Common tax documents you need for filing

Tax preparation paperwork

The holiday decorations have been boxed up and the New Year’s confetti has been swept away. Now your mind is swirling with tax questions for the upcoming season. ‘What tax forms might I need?’ is the first question that needs to be answered. Here are the most common documents you may need to file your return.

Income forms

These tax-related documents are mailed to you, unless you chose to receive them electronically or online. If you opted for a digital version, be sure to look for an email reminder or text notification that your forms are available. These forms will be accessible no later than January 31:

  • W-2 forms – Income from all employers you (and your spouse, if filing a joint return) worked for during the tax year.
  • 1099 forms – There are different types of 1099’s depending on the type of income you (or your spouse) received during the year:
    • 1099-Int – Interest received on accounts
    • 1099-Div – Dividends earned on stocks
    • 1099-B – Proceeds earned on the sale of stocks and bonds
    • 1099-Misc – Income earned from self-employment, jury duty, lottery and gambling winnings
    • SSA-1099 – Any Social Security benefits received
    • 1099-G – Unemployment income paid to you during the year

Income adjustment forms

You may be allowed adjustments to help reduce the amount of taxes you owe and increase your chances of receiving a refund. These documents note any adjustments you may be able to claim, and are mailed to you or may be accessible online no later than January 31:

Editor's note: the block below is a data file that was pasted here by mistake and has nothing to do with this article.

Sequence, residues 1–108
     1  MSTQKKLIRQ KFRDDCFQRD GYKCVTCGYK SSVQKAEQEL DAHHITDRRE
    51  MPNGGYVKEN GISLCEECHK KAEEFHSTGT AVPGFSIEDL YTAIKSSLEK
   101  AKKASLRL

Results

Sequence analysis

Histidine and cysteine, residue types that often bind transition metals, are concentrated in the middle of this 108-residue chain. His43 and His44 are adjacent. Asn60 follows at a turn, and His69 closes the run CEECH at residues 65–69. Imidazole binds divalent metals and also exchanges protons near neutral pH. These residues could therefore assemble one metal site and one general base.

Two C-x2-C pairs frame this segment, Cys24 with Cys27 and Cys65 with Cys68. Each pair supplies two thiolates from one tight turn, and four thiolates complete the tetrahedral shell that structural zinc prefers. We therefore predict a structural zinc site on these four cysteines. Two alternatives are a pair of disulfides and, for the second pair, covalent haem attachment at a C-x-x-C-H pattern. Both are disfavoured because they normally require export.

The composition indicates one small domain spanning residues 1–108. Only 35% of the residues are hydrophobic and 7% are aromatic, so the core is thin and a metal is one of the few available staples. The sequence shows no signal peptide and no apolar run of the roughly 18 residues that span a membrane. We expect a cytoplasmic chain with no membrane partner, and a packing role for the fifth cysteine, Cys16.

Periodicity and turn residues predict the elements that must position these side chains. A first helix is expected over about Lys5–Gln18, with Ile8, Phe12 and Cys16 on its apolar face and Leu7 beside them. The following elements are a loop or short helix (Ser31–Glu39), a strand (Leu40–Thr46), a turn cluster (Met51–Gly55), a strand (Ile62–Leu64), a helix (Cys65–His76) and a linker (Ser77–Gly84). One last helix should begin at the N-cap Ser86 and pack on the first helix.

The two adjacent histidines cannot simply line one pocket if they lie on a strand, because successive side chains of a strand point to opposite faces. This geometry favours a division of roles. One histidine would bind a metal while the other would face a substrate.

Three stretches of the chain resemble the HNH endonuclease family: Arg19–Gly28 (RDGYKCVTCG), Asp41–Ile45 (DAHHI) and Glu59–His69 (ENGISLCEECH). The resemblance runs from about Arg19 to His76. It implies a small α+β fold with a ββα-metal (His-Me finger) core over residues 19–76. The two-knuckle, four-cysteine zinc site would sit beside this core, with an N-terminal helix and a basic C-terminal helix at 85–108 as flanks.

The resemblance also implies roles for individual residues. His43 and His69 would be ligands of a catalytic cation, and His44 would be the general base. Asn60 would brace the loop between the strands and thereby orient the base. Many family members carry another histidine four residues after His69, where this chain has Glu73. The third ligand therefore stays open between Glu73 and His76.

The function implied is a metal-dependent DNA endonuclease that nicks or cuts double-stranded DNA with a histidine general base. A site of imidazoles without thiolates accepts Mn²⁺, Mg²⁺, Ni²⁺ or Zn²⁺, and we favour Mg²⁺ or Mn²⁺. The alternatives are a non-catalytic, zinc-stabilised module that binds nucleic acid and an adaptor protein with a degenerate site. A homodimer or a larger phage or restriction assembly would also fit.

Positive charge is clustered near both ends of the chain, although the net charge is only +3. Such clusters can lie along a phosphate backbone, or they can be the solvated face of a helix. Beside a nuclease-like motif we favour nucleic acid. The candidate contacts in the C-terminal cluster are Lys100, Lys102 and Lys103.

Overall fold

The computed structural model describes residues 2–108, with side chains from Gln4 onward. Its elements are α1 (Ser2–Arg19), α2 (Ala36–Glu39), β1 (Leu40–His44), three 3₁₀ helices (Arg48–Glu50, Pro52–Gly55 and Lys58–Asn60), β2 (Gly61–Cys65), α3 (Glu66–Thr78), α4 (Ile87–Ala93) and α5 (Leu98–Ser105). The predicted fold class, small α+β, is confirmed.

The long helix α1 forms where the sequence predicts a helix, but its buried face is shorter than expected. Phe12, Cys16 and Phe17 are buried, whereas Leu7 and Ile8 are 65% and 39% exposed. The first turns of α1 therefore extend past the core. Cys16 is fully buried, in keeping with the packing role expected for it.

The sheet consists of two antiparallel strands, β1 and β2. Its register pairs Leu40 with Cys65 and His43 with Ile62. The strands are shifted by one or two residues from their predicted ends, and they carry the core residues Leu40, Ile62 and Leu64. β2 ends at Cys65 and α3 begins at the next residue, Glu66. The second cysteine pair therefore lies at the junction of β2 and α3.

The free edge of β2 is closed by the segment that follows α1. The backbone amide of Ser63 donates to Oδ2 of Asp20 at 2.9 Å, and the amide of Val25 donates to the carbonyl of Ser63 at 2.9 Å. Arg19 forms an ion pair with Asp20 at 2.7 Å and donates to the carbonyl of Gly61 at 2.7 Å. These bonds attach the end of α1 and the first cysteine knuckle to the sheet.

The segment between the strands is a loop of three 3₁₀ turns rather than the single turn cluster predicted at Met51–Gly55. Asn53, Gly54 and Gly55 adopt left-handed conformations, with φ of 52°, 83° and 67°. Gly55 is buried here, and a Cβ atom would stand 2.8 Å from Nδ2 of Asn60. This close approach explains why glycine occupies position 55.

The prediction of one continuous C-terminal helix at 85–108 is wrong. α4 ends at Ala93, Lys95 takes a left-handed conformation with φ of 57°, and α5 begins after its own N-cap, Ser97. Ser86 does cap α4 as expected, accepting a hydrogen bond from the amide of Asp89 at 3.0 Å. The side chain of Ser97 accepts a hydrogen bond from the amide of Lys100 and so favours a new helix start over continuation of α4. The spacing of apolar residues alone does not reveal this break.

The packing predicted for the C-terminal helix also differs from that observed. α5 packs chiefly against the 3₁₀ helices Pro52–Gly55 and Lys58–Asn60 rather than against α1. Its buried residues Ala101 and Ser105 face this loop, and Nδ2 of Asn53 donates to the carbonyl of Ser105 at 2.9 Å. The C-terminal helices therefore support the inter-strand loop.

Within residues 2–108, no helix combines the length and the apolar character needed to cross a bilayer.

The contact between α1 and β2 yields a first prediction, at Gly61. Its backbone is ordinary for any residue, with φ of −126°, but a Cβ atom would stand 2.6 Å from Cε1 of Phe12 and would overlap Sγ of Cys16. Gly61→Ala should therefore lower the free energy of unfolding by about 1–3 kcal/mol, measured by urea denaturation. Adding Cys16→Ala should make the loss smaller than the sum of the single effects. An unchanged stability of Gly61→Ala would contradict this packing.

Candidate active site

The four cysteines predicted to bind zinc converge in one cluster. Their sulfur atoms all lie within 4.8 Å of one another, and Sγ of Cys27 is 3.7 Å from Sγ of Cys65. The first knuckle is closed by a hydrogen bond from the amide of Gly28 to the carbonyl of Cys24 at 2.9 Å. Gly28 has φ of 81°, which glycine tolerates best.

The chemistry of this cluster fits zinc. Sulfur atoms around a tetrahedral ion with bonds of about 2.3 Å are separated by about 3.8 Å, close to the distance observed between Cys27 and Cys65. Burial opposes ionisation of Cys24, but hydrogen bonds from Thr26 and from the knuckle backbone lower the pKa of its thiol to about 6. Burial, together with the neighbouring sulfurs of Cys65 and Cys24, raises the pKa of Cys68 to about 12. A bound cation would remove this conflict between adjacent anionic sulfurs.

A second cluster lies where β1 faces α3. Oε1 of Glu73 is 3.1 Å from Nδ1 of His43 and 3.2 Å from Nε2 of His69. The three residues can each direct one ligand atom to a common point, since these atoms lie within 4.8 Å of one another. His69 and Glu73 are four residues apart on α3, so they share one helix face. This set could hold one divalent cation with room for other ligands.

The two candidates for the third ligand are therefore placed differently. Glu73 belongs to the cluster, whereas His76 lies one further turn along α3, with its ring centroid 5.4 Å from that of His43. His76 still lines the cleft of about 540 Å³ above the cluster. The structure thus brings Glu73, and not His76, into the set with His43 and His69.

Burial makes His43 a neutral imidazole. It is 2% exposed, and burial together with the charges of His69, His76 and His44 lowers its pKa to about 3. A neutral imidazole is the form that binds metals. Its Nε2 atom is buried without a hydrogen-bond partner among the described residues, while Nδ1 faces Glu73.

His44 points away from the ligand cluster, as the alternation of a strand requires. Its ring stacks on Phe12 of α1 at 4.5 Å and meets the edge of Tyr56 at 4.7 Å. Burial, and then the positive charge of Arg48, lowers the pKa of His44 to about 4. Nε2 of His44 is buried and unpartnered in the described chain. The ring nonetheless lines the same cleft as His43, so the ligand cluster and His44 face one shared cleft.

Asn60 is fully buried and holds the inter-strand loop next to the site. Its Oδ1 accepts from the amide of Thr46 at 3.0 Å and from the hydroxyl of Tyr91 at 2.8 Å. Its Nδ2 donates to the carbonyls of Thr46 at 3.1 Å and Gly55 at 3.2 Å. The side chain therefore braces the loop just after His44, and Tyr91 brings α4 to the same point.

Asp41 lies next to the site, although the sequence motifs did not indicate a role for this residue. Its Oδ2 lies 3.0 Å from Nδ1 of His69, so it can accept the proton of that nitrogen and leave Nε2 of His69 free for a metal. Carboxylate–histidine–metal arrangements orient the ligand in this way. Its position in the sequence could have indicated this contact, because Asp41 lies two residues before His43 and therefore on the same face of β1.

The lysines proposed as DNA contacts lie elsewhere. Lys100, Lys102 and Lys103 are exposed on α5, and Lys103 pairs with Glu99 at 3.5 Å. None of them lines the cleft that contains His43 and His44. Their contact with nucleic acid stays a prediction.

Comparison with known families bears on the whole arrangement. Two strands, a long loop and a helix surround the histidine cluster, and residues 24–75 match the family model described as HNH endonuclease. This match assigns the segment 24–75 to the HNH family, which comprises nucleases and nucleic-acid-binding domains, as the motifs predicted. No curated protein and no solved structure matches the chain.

• 5498 – IRA contributions made for the tax year
  • 1098 – Mortgage interest paid
  • 1098-T – Tuition and student loan interest paid
  • 1099-SA – Contributions to a Medical Savings Account (MSA) or Health Savings Account (HSA)

Credit and deduction sources

There are many tax credits and deductions for various expenses designed to help lower the amount of tax you must pay. You won’t receive an official tax form for these. Instead, you may need to gather the information from check stubs, receipts or account statements. You can also use a money management app like Compass to review your transactions from the last year. If using mobile, data fees may apply. Check with your service provider. Examples include:  

  • Childcare costs
  • Charitable contributions
  • Medical expenses

Get help with your taxes from your Credit Union

If you need help determining which tax forms to use, call or visit a branch near you to ask questions or get low-cost tax help

The advice provided is for informational purposes only. Contact a tax advisor for additional guidance.

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